Don’t stop reading and learning (Photo by Jaredd Craig on Unsplash)

Strong beliefs, weakly held

No tool or belief is undroppable. After reading that, your brain is likely to bring to the forefront a host of rebuttals. Look across professions and you will see the “gold standard” does not stay gold forever. Sometimes it is a result of technological expansion while other times it is improved efficiency or new techniques. Then there are the “well I’ll be damned; the earth is round” type of moments.

Strong beliefs, weakly held is a mindset developed by technology forecaster and Stanford University professor Paul Saffo. Essentially, it is standing firm behind your beliefs and convictions, but being willing to immediately adopt a new belief in the face of sound evidence and logic. It is not being indecisive or lacking conviction, but rather being curious and seeking the best stance on a position.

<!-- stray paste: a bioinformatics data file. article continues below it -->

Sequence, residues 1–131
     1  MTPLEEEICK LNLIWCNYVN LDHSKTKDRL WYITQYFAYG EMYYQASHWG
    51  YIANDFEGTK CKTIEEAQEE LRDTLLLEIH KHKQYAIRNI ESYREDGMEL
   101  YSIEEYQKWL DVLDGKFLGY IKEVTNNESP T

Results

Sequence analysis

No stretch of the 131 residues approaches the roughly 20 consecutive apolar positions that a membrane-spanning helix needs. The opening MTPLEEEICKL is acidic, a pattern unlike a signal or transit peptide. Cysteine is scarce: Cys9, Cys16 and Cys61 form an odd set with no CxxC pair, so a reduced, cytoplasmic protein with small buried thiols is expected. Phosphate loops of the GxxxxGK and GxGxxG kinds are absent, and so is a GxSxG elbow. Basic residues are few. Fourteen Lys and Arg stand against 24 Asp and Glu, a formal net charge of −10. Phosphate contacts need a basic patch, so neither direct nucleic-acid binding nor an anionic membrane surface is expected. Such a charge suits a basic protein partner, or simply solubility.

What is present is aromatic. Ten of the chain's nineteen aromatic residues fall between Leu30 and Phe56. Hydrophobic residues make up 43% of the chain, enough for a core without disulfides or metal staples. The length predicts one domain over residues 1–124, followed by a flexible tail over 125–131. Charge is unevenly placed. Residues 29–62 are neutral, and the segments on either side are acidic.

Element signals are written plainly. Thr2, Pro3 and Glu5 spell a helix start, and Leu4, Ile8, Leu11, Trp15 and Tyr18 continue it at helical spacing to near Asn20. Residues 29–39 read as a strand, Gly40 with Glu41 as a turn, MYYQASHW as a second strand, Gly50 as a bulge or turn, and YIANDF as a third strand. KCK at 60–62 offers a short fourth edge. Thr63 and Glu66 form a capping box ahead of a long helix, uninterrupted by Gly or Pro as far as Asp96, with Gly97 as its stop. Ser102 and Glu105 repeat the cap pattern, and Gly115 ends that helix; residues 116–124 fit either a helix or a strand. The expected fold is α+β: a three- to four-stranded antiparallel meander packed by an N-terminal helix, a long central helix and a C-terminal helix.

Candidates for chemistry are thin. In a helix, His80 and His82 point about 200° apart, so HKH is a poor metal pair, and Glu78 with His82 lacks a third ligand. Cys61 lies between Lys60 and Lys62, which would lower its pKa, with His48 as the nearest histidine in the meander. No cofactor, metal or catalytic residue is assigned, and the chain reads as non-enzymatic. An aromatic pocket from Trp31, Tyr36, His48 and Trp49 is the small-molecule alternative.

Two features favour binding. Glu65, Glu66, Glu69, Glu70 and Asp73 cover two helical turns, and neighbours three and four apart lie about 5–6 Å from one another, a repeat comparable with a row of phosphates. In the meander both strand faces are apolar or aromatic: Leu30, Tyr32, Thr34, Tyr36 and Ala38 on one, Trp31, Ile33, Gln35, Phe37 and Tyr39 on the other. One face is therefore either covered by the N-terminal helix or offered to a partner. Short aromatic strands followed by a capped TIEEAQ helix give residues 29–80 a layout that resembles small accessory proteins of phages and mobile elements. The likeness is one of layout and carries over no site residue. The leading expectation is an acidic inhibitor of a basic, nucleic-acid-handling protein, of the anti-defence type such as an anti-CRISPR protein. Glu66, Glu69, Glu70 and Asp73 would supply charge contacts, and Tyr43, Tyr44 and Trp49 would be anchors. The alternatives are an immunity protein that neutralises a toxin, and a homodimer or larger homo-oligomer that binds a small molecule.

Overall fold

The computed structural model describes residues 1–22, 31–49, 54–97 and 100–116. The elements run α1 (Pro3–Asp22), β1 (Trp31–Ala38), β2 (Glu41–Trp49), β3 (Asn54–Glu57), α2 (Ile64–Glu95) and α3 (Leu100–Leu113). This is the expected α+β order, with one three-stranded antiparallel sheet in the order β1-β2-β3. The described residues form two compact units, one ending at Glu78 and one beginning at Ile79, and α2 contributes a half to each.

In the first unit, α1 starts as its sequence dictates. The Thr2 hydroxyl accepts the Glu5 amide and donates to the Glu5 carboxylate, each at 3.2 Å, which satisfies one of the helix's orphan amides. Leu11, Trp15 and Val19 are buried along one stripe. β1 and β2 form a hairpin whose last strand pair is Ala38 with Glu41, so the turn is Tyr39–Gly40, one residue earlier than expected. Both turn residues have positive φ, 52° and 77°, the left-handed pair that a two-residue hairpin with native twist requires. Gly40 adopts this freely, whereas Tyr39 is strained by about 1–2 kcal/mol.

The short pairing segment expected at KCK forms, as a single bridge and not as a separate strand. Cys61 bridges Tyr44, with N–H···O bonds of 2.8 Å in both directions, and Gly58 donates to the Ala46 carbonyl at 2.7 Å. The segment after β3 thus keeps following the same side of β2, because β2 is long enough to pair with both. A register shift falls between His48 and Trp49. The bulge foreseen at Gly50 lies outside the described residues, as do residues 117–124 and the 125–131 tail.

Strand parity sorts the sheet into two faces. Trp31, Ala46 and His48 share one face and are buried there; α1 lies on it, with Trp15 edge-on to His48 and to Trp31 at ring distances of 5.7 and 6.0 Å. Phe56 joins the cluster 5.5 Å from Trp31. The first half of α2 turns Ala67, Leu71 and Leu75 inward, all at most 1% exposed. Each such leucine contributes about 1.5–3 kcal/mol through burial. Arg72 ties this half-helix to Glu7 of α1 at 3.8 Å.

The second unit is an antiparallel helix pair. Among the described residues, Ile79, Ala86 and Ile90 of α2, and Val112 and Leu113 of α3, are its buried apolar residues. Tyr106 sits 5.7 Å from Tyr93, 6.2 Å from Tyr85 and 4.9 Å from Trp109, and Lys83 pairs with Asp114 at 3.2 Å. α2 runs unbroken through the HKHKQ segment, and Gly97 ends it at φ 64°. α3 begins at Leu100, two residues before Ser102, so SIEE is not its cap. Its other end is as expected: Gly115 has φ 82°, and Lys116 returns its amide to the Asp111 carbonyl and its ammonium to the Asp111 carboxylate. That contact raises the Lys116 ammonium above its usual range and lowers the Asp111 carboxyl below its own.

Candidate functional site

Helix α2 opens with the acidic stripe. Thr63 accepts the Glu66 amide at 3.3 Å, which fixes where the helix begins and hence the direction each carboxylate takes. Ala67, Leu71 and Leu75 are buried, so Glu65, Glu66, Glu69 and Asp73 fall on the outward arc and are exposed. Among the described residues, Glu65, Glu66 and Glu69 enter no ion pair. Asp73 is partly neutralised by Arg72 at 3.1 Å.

This is a challenging proposition. When unchecked, emotion trumps logic. It takes effort to combat the confirmation bias, theory-induced blindness, and the availability heuristic. If you commonly fall victim to these biases, it will not improve overnight. Furthermore, no one is immune to bias. We must simply develop a keen awareness for when they are misguiding our thoughts. Taking the stance of curiosity and being willing to be wrong will allow us to more easily adopt Saffo’s framework.

It’s all About perspective (Photo by Nadine Shaabana on Unsplash)

Doubt and curiosity: the perfect marriage

“It is our capacity to doubt that will determine the future of civilization.” — Richard Feynman

Doubt is uncomfortable. Doubt is often viewed as a sign of weakness. Doubt means we are not smart enough to know the answer or did not work hard enough to find out the truth. These beliefs are untrue.